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5 Medical Technology Trends in Singapore to Watch Out for in 2022

Singaporean Medical Technology Trends to Watch in 2022

In the last year, healthcare has made incredible progress in Singapore and around the globe. From robots patrolling hospital wards, patients consulting doctors via video conferencing, and clinics delivering medicine to patients' homes. So, what else can we expect in the digital health scene in the coming months?

Technology is transforming Singapore's healthcare landscape - find out emerging trends and Medtech news to keep up to date with the latest. In this article we look at five MedTech news or trends and discuss some of the changes that can be expected in the post pandemic landscape.


In the last two decades, there has been a strong push by governments and the private sector in nanotechnology development. The use of nanotechnology in medical applications for drug delivery is a significant milestone for pharmaceutical corporations. The ability to deliver medication to cells using minute particles has the ability to reduce the amount of medication required drastically.

Wearable health monitoring devices will benefit from nanotechnology. To assess a range of patient information and data such as blood oxygenation, hydration, or glucose levels; flexible sensors can be simply attached to skin tissue - the largest organ in the human body. The reduction in the size of the gadget will also allow for the exploration of new ways to power the technology.

#2Wearable Technology

Wearable technology is already a thriving industry and provides valuable data - people utilising devices such as smartwatches have expanded substantially in recent years. Apple, for example, attempted to turn the Apple Watch into a diagnostic tool for cardiac issues. Following that, Apple revealed that users could choose to have their data used for medical research. The research on menstrual cycles and gynaecological disorders, heart rate and mobility, and the impact of ordinary sound exposure on hearing were announced.

In the second quarter of 2019, Apple shipped over 5 million smartwatches. Consider the quantity of data that Apple Watch users can generate together. It is no surprise that medical research institutions are partnering with the private sector, a new type of medical public-private cooperation.


As wearable technology becomes more commonly recognised and used, improvements in robotics, such as exoskeletons, may see a corresponding purpose. For example, researchers from the University of Grenoble in France used an exoskeleton to assist a man in moving all four of his paralysed limbs. This also demonstrated a side of wearable technology that is concerned with rehabilitation and human-centred design.

In 2018, the International Federation of Robotics (IFR) reported more than 400,000 robot deployments worldwide. As information and mechanical technology continue to progress, we may see more robotics with wearables.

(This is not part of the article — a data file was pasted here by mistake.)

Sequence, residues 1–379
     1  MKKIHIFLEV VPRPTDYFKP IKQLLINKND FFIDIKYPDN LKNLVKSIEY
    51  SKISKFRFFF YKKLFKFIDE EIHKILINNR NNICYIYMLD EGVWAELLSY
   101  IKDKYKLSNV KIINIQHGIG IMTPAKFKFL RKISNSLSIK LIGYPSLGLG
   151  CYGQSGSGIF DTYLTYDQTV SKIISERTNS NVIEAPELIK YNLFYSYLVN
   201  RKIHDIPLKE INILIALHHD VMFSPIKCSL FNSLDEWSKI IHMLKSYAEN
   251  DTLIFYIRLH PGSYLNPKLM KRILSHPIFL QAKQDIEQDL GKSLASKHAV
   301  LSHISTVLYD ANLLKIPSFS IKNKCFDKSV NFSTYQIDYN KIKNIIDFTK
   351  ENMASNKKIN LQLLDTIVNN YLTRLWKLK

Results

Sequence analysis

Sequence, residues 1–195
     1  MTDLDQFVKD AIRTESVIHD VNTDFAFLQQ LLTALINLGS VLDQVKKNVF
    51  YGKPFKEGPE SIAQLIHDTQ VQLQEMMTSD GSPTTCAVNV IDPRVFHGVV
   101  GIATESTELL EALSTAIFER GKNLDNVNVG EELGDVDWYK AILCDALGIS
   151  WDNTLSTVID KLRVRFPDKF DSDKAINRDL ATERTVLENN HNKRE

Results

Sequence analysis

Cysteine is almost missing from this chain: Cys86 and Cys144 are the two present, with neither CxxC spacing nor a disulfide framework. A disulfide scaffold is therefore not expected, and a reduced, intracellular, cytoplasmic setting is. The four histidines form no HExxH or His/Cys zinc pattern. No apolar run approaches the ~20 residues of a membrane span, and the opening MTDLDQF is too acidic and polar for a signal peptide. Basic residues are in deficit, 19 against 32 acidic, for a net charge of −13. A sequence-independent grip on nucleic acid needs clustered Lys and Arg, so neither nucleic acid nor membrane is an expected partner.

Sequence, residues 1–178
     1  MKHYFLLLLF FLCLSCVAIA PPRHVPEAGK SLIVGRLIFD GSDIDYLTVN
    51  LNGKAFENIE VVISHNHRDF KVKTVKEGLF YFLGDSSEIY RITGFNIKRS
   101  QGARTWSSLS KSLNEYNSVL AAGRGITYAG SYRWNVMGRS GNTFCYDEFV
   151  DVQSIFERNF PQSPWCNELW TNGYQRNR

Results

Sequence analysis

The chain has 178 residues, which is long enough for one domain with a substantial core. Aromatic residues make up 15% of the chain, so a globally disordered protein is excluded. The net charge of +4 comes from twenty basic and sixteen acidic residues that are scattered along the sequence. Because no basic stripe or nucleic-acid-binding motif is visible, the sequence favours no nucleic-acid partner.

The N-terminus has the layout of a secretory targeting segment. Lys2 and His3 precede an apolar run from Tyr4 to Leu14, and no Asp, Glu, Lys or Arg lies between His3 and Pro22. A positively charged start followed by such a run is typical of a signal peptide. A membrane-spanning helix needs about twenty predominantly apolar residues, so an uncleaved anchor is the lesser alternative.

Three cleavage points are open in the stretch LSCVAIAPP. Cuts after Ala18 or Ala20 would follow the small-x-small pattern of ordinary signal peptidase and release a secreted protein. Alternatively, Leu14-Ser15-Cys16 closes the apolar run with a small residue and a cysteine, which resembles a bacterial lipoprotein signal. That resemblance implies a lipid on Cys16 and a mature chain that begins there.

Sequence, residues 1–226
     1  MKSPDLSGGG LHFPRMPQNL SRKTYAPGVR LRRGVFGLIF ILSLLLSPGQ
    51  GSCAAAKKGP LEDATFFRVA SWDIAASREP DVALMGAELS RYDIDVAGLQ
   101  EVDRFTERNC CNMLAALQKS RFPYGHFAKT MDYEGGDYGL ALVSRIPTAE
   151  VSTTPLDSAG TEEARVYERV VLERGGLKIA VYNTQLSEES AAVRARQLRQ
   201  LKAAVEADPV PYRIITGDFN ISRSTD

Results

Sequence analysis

#4Artificial Intelligence (AI)

Aside from rehabilitation, medical technology innovations are critical in diagnosing, maintaining, and restoring health. With wearable technologies, always-on sensors are likely to be in, on, and around us. Health data acquired by these sensors may be combined with other data sets (e.g., population-health data and environmental data) to provide highly personalised and actionable insights.

We now know that AI algorithms that look at epidemiology and demographics had flagged the novel coronavirus before it was reported. AI algorithms will only get smarter and better as they sift through huge volumes of healthcare data and discover patterns that people may overlook. As the volume of data increases, so will the appeal of technology that extracts important information. AI implementations in diagnostics will expand in tandem with the increased use of wearable technology.

#5Virtual Twins

A digital twin is a digital reproduction of a system that is constantly monitored by sensors. It is an emerging medical technology trend. Simulated hospital wards, for example, can forecast future issues, allowing medical personnel to plan ahead of time. This technique has been utilised in Singapore to estimate energy use, reduce waste, and maintain adequate power across the city's system.

This technique can forecast when patient intake is likely to alter. The technology can help with staff scheduling, reducing equipment downtime, enabling more effective hospital operations, and boosting the number of patients at a given time. Sensors could even be employed on digital twins of specific patients in the future to provide clinicians with an updated, regular, and predictive simulation of their patients. Such medical technology innovations will necessitate an Industry 4.0 environment with strict cybersecurity standards to protect patients' health and data.

With Singapore's digital health ecosystem ready for expansion and the pandemic driving quicker adoption of Medtech solutions, staying alert on medical technology trends and Medtech news is critical.